Around this time each week, whiny wails of apprehension and angst begin seeping out of the Gahan command bunker's down-low ventilation ducts.
Stop it, Roger. STOP! Why all these newfangled words?
Why not the old, familiar, comforting words -- you know, like the ones we used to say back in the glory days, when we were innocent and free, long before a gathering storm of bad taste and naked greed came crashing through like a bond-issue-percentage tsunami ...
... knocking us back into the turnbuckles, but feeling oh so fine, and now, as the Great Elongated and Exasperated Obfuscator of comic book series fame (can a Disney World sinecure be far behind?) you teach detailed principles of banking to actual bankers, at least when not otherwise occupied making healthy deposits into your own account?
Thankfully, even if one toils for the Glorious Mayor Who Descended from Heaven, a healthy vocabulary isn't about intimidation through erudition. Rather, it's about selecting the right word and using it correctly, whatever one's pay grade or station in life.
Even municipal corporate attorneys reaping handsome remuneration to suppress information, squelch community dialogue and flee the council chamber before being forced to endure dissenting words uttered by grubby martini-swilling constituents, can benefit from this enlightening expansion of personal horizons, and really, as we contemplate TIFs, CPIs, IUDs and IOUs, all we really have is time -- and the opportunity to learn something, if we're so inclined.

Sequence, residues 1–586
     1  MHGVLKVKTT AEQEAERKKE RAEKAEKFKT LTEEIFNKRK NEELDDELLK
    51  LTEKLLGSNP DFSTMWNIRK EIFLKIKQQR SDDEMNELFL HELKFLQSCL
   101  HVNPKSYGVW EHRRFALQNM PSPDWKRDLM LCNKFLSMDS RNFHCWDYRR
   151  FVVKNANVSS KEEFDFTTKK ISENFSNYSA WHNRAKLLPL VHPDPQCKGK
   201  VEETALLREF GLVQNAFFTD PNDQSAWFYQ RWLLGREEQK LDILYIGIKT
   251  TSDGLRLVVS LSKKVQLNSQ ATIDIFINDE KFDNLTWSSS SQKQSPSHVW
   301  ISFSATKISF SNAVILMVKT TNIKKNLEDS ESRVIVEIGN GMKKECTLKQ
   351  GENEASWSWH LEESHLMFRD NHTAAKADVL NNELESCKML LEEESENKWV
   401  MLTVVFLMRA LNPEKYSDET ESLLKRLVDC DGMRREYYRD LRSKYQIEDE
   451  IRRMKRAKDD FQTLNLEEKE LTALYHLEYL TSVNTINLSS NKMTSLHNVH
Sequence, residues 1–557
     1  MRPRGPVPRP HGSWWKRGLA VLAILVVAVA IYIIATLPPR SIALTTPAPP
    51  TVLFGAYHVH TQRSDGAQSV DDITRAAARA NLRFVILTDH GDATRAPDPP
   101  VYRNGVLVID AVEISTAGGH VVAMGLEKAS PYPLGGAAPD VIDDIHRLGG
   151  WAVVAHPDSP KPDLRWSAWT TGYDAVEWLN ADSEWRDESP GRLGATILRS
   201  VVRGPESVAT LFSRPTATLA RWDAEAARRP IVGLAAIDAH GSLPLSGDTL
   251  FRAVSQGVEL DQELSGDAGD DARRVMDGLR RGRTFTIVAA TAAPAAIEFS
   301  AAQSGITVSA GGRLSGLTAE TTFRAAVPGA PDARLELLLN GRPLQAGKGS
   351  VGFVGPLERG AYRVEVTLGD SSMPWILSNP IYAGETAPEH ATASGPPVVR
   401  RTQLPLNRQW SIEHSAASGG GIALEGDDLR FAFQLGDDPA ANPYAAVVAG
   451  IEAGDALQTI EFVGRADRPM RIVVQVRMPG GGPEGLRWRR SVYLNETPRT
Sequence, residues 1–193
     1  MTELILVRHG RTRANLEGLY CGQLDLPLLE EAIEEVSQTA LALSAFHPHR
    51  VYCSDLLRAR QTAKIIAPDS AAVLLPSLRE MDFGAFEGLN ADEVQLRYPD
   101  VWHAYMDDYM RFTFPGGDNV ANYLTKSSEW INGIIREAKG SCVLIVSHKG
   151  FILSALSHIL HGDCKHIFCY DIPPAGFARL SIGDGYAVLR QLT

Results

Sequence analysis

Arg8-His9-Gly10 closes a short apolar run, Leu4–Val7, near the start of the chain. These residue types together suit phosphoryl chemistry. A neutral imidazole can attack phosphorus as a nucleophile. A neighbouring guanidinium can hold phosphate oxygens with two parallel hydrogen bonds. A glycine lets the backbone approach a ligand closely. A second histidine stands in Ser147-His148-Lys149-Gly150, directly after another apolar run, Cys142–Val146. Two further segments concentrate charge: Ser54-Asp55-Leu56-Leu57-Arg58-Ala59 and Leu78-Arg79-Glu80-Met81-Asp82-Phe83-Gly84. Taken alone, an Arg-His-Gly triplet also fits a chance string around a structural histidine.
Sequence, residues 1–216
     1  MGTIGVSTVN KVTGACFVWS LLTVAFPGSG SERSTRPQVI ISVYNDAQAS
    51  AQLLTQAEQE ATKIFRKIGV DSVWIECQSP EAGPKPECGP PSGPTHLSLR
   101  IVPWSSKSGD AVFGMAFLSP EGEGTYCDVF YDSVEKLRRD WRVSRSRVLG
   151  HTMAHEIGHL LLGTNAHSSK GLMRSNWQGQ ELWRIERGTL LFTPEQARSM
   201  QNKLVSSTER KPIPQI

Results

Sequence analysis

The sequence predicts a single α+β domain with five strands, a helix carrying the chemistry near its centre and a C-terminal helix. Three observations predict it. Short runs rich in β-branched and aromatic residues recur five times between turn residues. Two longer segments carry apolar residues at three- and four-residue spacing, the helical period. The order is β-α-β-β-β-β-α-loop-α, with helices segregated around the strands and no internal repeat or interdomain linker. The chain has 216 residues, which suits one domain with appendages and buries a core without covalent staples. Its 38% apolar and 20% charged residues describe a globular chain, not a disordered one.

This week's word is snollygoster.
Snollygoster has been around in the American political lexicon since the 1840s. Merriam Webster defines it as an unprincipled but shrewd person and it’s used to describe a person, especially a politician, who does things for their own gain. Its origin is unknown, but etymologists suggested that snollygoster may come from German schnelle geister, ‘quick spirit.’ Snollygoster was popularized by Georgia Democrat H. J. W. Ham who traveled around the country during the 1890s with a stump speech titled “The Snollygoster in Politics.” Ham defined a snollygoster as a “place-hunting demagogue” or a “political hypocrite.” President Harry S Truman also used it during his 1952 reelection campaign when he denounced Republican “snollygosters,” in front of the press corps and said, “Better look that word up, it’s a good one.”
When snollygoster was brought to my attention by an eminent local dermatologist, he (the dermatologist, that is) observed to me that the word is reminiscent of those populating Roald Dahl's whimsical language.
Indeed it is. As a bonus today, take a look at Gobblefunk: Dahl Dictionary at The Wonderful World of Roald Dahl, and learn the meaning of swatchscollop, jumpsquiffling, crabcruncher, and many others.